So, you know, we started doing some larger volume runs. We started working with some national vendors, the national groups. I mean, like right now, you know, I'm in a bid right now for a company up in New York that wants to subcontract their screen-printing down to us, and it's 100,000 pieces. You know, when you think about that, it's like, "Okay, if I make a dollar on that 100,000 pieces, I added 100,000 in gross revenue." Is it really costing me a dollar to print each t-shirt? No, probably not. It's probably only cost to me 50 cents, 60 cents after my...you know, you factor in all of your factors. So I'm adding 40 grand to my net.
You know, when you start looking at numbers like that and that type of volume and you have a partner that's 50/50, you start saying, "Hey, 40 grand nets, a $20,000, you know, salary increase. I don't know there's too many people out there that wouldn't take a $20,000 salary increase.
Bruce: So how do you get on these some of these bid lists? You talk about they send out these bids. Is it just connecting and networking with them?
Jayson: No, no. I mean, we had to jump through a lot of hoops. You know, you have to upgrade your Duns and Bradstreet number. Make sure that you're all solid with them. You have to go through some different hoops with the government and get approved to be on their vendor list. I mean, it literally took us probably a better part of a month. My Director of Operations, Katelyn, who you talked to probably filled out 600 forms, you know, and went back and forth and phone calls, you know, people walking her through processes and my sales guy business-to-business sales guy, Steve, same thing.
It was a crazy, crazy process that we had to go through to get onto this. You know, it's very tough. Now, with regards to some other bids, I mean, realistically, anybody can call up to the marketing team at, you know, their local NBA team and say, "Hey, would you mind sending me your list for promotional products? Some of them might say yes. If they're not rude, they'll tell you sure, you know, and you're welcome to send in a bid. The fact of the matter is, is that they're probably really only looking at the top three. So if they scan your pages and you're not good on the first three or four pages, they're probably gonna throw it in the trash. So I don't know how much time you wanna waste on filling out 120 bid sheets. You know, you can still get that opportunity. They're not gonna give you any feedback. So if you lose, you lose. They're not gonna tell you, "Hey, you were high." But you can pretty much gather that.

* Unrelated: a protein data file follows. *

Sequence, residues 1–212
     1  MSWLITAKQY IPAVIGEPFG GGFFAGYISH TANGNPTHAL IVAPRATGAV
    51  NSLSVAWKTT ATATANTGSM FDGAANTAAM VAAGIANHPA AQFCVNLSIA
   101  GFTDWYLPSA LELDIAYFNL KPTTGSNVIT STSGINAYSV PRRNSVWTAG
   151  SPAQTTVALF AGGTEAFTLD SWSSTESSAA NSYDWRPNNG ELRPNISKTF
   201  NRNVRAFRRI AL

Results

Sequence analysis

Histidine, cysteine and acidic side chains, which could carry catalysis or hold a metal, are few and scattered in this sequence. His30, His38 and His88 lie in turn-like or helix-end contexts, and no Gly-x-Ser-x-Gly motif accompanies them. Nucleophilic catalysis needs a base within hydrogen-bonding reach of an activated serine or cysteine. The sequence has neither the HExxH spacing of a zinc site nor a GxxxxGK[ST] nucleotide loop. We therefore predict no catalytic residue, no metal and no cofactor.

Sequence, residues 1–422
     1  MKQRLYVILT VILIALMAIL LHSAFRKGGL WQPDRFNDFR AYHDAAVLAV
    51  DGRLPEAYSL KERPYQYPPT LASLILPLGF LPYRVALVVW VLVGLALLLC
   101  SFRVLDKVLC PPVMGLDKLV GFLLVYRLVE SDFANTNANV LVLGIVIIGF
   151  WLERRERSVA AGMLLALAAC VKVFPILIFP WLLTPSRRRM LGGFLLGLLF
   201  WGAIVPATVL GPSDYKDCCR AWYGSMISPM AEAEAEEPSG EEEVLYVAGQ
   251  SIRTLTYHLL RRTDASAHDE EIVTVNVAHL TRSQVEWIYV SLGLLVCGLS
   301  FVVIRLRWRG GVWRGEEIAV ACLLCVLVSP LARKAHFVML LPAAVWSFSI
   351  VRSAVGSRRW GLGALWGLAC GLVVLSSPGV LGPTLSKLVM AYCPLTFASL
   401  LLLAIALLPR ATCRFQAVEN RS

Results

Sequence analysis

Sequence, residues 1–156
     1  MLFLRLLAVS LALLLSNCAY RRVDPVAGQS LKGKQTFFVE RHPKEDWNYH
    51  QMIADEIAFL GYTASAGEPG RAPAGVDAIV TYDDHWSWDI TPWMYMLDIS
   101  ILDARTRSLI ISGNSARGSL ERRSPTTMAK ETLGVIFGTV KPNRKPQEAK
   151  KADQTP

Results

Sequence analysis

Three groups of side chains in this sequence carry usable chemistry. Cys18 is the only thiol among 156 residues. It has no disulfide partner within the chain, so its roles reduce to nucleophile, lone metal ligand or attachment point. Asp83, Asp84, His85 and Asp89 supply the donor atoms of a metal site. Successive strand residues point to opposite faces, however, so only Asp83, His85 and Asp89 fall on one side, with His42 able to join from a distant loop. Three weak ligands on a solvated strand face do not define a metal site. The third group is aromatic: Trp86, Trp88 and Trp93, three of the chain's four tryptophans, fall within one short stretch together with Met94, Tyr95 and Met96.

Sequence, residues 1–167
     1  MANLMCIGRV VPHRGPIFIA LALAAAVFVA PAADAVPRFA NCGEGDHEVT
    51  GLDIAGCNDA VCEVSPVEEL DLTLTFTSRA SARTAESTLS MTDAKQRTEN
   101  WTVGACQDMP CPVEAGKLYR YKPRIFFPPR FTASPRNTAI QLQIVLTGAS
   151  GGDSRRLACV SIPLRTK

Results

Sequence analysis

With regards to like your local state and county governments, I would tell everybody to bid on those. They're not huge contracts. I mean, if you got a big county...you know, I'm in Delaware. You know, when we start talking about the state contract, you know, in comparison to the state of California or Pennsylvania or one of those other states, it's probably a joke. Like our county, the city of Wilmington, you know, that contract is only a $30,000 contract for their Parks and Recreation, for example. But it's a three year, you know, and they have the option to renew. And as long as you don't screw up, they're gonna renew with you.
When you get into that type of stuff, then it starts to branch out. So what's the city funding? Okay, the city's funding this project. Well, then that project is gonna ask the city who they're using for all their products. Well, now you get into that project, but that project is not a bid. So now you actually start making some money on those projects even though you cut your margins for this to get the city contract. You know, like we've held local city contract for a number of years. But we have the New Castle County, which is our county that we're in. We've held that contract for their maintenance division and Parks and Rec and so forth and those types of things. You know, we bid on those every year. And we're very aggressive. And again, I'm aggressive because it transfers into other departments where they might not have to put out a bid for their requirements, and so therefore you don't have to cut your margins as tight, but they're still gonna use you because you're the sanction vendor for the county or for the city or for the state.
Bruce: Got it. Is this one of the reasons that you guys kept continuing to grow over this nine year period so much? Did you tell your sales team and you guys to focus on these larger contracts?
Jason: I did not, absolutely not. To be honest with you, Bruce, probably the last 12 to 18 months, and we started going after what we call the whales because...you know, we were dominating the local bit small business and that type of stuff. And even still I don't have everything that Delaware has to offer. But the cool thing about Delaware, and I was telling you this in our conversation, is that because of our tax laws, there's a ton of headquartered businesses here in Delaware that are national companies like DuPont, AstraZeneca and, you know, these banks. I mean, think about even our president. Trump has like 20 of his companies are headquartered in Delaware because of the tax breaks that these guys get. So we have an advantage because they're in my backyard, you know.
Bruce: How did you dominate the local market then?